Objective To improve the quality of care provided to patients with iron deficiency anaemia (IDA).
Design Service development.
Setting District General Hospital.
Patients Adults with IDA.
Main outcome measures Descriptive report of the practicalities and benefits of establishing an IDA clinic.
Conclusions The IDA clinic is a novel service development which enhances the management of patients with this common condition, by facilitating prompt confirmation of the diagnosis, replacement therapy and investigation for serious underlying pathology, in particular gastrointestinal malignancy.
- IRON DEFICIENCY
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Iron deficiency anaemia (IDA) is a common clinical problem.1–4 The overall incidence exceeds one case per 1000 population per annum, and in the elderly the figure is considerably higher.5 IDA is frequently diagnosed in the primary care setting, but is also seen across a range of specialties in secondary care, resulting in considerable variation in management standards.
The importance of establishing and acting on the diagnosis of IDA is twofold. First, while IDA is the cause of considerable morbidity, it is eminently treatable. Second, about a third of cases in men and postmenopausal women will have significant underlying gastrointestinal (GI) pathology, often in the absence of localising symptoms—and a third of these will have GI malignancy.1–5
Despite the prevalence of IDA—and the importance of IDA as an early indicator of underlying pathology—it is sometimes rather poorly managed. Our impression is that this remains the case despite clear and concise national guidelines (recently updated4). Our original observations indicated issues at a number of levels, which included:
Anaemia not recognised as being due to iron deficiency on the one hand (particularly when the mean red cell volume (MCV) was normal), or incorrectly attributed to iron deficiency on the other. An inhouse audit in 2003 showed that 13% of referrals with what was thought to be IDA were not, in fact, truly iron deficient.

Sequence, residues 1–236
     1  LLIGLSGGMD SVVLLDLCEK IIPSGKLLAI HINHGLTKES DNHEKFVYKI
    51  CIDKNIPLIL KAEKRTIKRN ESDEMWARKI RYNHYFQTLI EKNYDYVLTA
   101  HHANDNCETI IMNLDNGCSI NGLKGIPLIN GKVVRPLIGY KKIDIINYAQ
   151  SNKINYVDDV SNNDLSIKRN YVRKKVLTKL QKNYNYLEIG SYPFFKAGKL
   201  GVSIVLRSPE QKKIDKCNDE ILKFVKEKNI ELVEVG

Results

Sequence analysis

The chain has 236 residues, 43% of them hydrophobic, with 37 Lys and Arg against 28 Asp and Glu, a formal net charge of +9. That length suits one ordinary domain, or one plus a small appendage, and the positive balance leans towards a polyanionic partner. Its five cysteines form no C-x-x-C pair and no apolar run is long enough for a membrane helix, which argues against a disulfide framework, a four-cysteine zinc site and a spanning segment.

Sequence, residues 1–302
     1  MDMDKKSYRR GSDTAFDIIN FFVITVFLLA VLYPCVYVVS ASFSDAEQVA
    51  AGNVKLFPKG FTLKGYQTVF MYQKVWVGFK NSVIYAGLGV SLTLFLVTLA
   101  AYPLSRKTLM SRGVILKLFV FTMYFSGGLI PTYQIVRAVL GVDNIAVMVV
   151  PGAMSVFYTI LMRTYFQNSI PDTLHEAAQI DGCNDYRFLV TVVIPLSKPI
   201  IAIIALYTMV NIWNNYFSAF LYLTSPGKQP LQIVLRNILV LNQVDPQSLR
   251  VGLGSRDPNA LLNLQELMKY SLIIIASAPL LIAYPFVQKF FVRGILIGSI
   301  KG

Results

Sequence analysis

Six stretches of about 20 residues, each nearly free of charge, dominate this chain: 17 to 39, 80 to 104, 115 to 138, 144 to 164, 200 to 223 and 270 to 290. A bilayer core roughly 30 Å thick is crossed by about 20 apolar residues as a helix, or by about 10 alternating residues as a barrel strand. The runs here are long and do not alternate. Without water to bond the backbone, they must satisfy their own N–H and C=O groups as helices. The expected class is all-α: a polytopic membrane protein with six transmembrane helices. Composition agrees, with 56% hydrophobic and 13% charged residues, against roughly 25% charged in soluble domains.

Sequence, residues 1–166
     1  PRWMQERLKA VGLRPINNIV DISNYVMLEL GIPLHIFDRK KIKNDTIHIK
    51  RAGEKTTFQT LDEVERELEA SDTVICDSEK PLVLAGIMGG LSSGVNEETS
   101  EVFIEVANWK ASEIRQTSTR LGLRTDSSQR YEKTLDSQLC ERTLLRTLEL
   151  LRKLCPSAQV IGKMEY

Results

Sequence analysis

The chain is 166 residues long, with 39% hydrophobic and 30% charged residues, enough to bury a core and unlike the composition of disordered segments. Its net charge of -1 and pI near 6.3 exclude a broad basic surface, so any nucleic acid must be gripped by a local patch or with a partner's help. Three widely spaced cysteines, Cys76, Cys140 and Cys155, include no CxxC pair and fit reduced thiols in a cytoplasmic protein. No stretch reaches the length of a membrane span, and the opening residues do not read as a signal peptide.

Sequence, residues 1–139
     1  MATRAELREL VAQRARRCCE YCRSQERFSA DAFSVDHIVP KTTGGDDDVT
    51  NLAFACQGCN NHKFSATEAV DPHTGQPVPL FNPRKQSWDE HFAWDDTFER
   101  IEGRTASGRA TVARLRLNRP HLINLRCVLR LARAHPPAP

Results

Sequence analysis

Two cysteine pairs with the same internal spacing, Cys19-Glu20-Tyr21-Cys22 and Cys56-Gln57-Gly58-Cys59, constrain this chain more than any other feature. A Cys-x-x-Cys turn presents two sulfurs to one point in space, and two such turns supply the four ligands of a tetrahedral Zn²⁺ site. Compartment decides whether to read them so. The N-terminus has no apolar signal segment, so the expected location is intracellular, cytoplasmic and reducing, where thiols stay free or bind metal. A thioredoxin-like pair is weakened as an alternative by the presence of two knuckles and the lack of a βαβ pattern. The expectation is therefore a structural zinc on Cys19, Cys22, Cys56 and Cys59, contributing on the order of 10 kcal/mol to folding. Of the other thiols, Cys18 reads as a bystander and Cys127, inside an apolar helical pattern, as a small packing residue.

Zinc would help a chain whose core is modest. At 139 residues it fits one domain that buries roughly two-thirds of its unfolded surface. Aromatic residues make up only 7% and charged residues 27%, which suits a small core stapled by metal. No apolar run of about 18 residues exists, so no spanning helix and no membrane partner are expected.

Inappropriate treatment by oral iron replacement without further investigation into the cause, or by emergency admission for blood transfusion.
Delayed and/or incomplete investigation for underlying GI pathology. For example, an audit in 2003 showed that only 73% had a small bowel biopsy to exclude coeliac disease, and that 40% of patients waited more than 8 weeks for their GI investigations.
Inappropriate referral for endoscopic investigation of patients with major comorbidities and/or frailty.
Inadequate follow-up to confirm a sustained haematological response to iron replacement.
Failure to act on the results of investigations into the cause of IDA.
Towards a solution
To address these multiple issues, we established a specialist nurse-led IDA clinic in Poole in 2004, run under the auspices of two consultant gastroenterologists. Referral numbers have risen progressively, reaching over 200 in 2012. To accommodate these numbers and consequent follow-ups, there are currently two clinics a week.
Referrals to the IDA clinic are accepted from primary and secondary care, as long as evidence of iron deficiency has been provided—by means of either iron studies, or demonstration of a convincing haematological response to iron supplementation. A simplified version of the algorithm followed by the IDA clinic is shown in figure 1.
At the initial clinic visit, the diagnosis of underlying iron deficiency is verified, and a urine sample is checked for evidence of haematuria, which might indicate a cause for IDA in the renal tract. The necessary patient data is collected efficiently by means of an IDA-specific proforma (figure 2)—this informs the patient register, which is important for follow-up purposes as well as service audit and observational research.5 Iron replacement therapy is initiated, with consideration given to intravenous iron infusion in patients who have particularly profound anaemia.
The rationale for GI investigation is discussed, along with the practicalities—in the light of comorbidities, previous investigations and patient preference. Premenopausal women are seen in the clinic if referred, but such cases are counselled regarding the low yield of GI investigation in this patient group, and gynaecological referral is encouraged if there is clear evidence of menorrhagia. Individuals with evidence of iron deficiency but without anaemia are also seen, but again counselled regarding the relatively low yield of investigation. The merits of investigation of borderline cases are discussed with the overseeing consultant gastroenterologist and the patient concerned.